Late morbidity and mortality among medulloblastoma survivors diagnosed across three decades: A report from the Childhood Cancer Survivor Study

Ralph Salloum, Yan Chen, Yutaka Yasui, Roger Packer, Wendy Leisenring, Elizabeth Wells, Allison King, Rebecca Howell, Todd M. Gibson, Kevin R. Krull, Leslie L. Robison, Kevin C. Oeffinger, Maryam Fouladi, Gregory T. Armstrong

Research output: Contribution to journalArticlepeer-review

38 Scopus citations


PURPOSE Treatment of medulloblastoma has evolved from surgery and radiotherapy to contemporary multimodal regimens. However, the impact on long-term health outcomes remains unknown. METHODS Cumulative incidence of late mortality (5 or more years from diagnosis), subsequent neoplasms (SNs), and chronic health conditions were evaluated in the Childhood Cancer Survivor Study among 5-year survivors of medulloblastoma diagnosed between 1970 and 1999. Outcomes were evaluated by treatment exposure, including historical therapy (craniospinal irradiation [CSI] $ 30 Gy, no chemotherapy), high risk (CSI $ 30 Gy + chemotherapy), standard risk (CSI, 30 Gy + chemotherapy), and by treatment decade (1970s, 1980s, 1990s). Rate ratios (RRs) and 95% CIs estimated long-term outcomes using multivariable piecewise exponential models. RESULTS Among 1,311 eligible survivors (median age, 29 years [range, 6 to 60 years]; median time from diagnosis, 21 years [range, 5 to 44 years]), the 15-year cumulative incidence rate of all-cause late mortality was 23.2% (diagnosed 1970s) versus 12.8% (1990s; P = .002), with a recurrence-related mortality rate of 17.7% versus 9.6% (P = .008). Lower late mortality rates as a result of other health-related causes were not observed. Among 997 survivors who completed a baseline survey, the 15-year cumulative incidence of SNs was higher among survivors with multimodal therapy (standard risk, 9.5%; historical, 2.8%; P = .03). Survivors treated in the 1990s had a higher cumulative incidence of severe, disabling, life-threatening, and fatal chronic health conditions (56.5% in 1990s v 39.9% in 1970s; P, .001) and were more likely to develop multiple conditions (RR, 2.89; 95% CI, 1.31 to 6.38). However, survivors of standard-risk therapy were less likely to use special education services than high-risk therapy survivors (RR, 0.84; 95% CI, 0.75 to 0.93). CONCLUSION Historical changes in medulloblastoma therapy that improved 5-year survival have increased the risk for SNs and debilitating health conditions for survivors yet reduced the need for special education services.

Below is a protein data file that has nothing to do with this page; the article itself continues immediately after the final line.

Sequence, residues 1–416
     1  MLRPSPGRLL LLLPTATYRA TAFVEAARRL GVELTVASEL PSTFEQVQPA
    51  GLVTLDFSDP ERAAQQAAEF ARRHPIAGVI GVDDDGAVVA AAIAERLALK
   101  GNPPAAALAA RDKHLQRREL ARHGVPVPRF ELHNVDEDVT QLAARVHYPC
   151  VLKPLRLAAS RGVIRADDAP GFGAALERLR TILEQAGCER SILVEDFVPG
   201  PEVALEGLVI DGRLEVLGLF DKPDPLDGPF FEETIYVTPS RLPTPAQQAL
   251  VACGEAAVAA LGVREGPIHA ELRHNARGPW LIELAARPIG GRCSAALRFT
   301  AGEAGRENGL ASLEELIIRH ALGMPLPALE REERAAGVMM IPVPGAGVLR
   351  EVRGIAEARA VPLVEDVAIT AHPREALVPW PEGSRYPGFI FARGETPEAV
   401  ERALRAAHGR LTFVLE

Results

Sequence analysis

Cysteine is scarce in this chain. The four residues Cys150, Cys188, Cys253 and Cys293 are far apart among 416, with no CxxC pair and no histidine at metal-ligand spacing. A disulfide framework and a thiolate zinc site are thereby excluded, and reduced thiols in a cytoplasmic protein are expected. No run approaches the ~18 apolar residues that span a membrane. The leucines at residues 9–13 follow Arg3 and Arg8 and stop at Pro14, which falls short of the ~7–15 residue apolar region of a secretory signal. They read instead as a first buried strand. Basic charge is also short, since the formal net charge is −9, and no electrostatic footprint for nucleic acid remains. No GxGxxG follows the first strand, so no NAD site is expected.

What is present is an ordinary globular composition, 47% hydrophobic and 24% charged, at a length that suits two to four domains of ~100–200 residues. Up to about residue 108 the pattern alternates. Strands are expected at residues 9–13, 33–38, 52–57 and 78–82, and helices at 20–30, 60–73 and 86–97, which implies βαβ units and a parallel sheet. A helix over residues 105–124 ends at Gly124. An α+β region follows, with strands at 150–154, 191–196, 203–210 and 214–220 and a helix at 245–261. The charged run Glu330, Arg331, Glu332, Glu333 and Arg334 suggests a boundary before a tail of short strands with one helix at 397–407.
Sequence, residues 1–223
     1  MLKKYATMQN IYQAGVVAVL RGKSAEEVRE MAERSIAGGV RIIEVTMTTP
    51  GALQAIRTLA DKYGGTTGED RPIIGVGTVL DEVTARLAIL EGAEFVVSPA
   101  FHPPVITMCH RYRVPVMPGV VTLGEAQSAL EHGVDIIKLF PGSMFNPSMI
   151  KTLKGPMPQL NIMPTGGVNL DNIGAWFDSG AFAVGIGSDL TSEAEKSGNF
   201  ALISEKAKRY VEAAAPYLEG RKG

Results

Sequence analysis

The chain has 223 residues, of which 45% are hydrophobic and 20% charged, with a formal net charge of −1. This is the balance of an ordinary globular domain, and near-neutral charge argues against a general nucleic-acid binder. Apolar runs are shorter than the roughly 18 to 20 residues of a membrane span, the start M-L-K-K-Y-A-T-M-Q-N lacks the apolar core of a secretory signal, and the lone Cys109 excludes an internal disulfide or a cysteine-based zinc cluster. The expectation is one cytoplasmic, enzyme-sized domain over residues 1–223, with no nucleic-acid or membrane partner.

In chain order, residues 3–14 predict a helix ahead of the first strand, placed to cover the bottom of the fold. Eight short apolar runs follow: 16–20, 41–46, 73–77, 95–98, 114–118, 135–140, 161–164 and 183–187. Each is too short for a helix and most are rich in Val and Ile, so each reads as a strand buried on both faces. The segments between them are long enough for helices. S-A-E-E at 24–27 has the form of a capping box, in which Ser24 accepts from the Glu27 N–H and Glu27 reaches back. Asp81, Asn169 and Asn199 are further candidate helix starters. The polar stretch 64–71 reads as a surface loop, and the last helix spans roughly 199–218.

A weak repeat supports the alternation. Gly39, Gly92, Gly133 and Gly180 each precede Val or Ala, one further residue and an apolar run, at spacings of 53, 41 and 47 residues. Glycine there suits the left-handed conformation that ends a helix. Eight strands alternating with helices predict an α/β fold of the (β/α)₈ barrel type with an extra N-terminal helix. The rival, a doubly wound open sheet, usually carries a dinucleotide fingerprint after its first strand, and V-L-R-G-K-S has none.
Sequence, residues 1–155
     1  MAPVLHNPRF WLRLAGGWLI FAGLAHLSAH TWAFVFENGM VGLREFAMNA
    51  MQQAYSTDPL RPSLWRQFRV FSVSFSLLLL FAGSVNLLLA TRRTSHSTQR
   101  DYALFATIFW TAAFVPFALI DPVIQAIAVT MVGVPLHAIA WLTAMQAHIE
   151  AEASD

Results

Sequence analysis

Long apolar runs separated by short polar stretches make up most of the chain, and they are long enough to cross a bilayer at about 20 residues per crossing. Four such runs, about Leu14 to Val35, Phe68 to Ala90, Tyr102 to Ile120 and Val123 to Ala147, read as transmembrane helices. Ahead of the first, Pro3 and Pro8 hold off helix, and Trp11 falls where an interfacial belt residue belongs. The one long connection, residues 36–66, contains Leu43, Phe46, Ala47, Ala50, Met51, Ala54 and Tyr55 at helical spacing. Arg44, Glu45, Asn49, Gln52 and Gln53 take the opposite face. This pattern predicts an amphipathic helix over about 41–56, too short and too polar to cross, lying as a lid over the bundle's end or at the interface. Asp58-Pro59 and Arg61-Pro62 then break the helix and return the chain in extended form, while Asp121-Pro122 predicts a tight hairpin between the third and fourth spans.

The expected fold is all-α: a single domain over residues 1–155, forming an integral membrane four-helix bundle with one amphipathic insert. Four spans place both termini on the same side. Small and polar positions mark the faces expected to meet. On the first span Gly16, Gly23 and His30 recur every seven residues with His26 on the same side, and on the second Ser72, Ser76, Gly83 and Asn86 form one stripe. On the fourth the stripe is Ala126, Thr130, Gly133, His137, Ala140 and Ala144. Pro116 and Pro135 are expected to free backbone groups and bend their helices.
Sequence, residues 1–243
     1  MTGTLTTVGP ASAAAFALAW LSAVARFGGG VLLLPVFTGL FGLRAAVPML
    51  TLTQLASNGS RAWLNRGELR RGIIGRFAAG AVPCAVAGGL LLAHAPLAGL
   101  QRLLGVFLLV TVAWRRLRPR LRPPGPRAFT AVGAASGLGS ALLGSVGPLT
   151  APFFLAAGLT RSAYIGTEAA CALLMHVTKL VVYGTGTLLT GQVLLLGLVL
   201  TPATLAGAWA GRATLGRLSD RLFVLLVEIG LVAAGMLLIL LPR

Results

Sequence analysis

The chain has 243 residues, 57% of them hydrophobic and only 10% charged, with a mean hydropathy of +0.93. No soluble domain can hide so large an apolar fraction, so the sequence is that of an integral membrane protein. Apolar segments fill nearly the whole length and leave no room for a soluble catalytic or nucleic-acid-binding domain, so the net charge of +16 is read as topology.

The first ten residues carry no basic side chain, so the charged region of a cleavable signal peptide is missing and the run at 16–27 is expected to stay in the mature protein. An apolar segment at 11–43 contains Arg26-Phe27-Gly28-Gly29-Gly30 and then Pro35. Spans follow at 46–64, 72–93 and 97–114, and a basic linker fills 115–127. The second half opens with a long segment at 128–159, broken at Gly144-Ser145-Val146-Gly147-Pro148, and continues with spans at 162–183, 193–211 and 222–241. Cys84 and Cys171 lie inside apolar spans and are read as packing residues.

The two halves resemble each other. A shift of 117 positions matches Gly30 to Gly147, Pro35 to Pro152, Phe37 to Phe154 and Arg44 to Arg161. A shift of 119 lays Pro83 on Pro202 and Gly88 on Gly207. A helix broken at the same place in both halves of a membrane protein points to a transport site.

Original languageEnglish
Pages (from-to)731-740
Number of pages10
JournalJournal of Clinical Oncology
Issue number9
StatePublished - Mar 20 2019


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